The past few weeks, I’ve been focussing on my business and digging deeper into who it is I serve and how I can help, and of course, that means digging into the language I use to help my ideal customers identify themselves. 

I was first introduced to the concept of Pillow Talk by Lisa Sasevich.

Pillow talk is different to marketing speak from marketers and copywriters. 

Pillow Talk is the language your customers speak.

It’s what they say to each other when they are laying in bed talking to each other.

For example, “Honey, I don’t know how we’re going to pay the mortgage this month. I don’t know where the money’s coming from for the school fees. I’m really worried.” 

Compare this to marketing speak, “Would you like to save x% on your mortgage?” “Are you paying too much for your mortgage?”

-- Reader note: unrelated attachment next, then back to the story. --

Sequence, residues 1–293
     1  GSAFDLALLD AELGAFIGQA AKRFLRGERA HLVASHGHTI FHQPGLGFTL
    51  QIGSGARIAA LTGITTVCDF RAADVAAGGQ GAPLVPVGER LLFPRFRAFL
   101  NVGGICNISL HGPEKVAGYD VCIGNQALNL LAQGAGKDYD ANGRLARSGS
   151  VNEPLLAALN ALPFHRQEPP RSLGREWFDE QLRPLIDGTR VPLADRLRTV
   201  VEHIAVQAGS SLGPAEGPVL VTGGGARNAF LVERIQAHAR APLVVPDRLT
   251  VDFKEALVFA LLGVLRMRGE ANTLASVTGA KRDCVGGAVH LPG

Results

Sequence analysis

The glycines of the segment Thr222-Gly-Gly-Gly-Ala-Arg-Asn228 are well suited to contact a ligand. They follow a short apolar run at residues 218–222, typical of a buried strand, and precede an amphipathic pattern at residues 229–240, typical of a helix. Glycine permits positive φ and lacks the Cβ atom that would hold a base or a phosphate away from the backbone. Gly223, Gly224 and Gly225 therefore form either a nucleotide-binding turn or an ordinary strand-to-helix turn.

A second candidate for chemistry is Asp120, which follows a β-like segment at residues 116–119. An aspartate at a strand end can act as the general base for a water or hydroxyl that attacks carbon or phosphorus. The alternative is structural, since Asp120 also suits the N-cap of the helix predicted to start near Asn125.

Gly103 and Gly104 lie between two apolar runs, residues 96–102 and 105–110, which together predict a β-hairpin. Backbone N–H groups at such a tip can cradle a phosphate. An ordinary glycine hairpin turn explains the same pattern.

Pillow talk speaks to your customer using their language.

It shows them that you know them; that you get them; that you know the conversations they are having with others and in their head. 

It also speaks to their limiting beliefs. 

When you study copy, you can easily pick the ones that resonate with the customers.

Ryan Levesque, creator of The Ask Method, is a huge AFOL – Adult Fan of Lego. Ryan’s genius is in asking your customers what they think, feel and want. Why? Because that’s where we learn our customer’s language. As an AFOL, Ryan gives the example of people who are Lego fans know that it’s spelt and pronounced LEGO, not LEGOS. According to Ryan, anyone who uses the term LEGOS is not really a dedicated LEGO customer because they would never use that term. It’s fascinating to see the difference. In fact, I recently read an article entitled, “Give Away Your Legos”. The article was about business growth, delegation and leadership. I instantly knew the author was not an AFOL. 

Back to you, do you know what your customers are saying when they’re laying awake in bed at night, stressed out and worried about things?

If not, that’s your homework. Go find out.

It’s on my To Do list for the next few weeks, so thank you in advance if I contact you and ask you.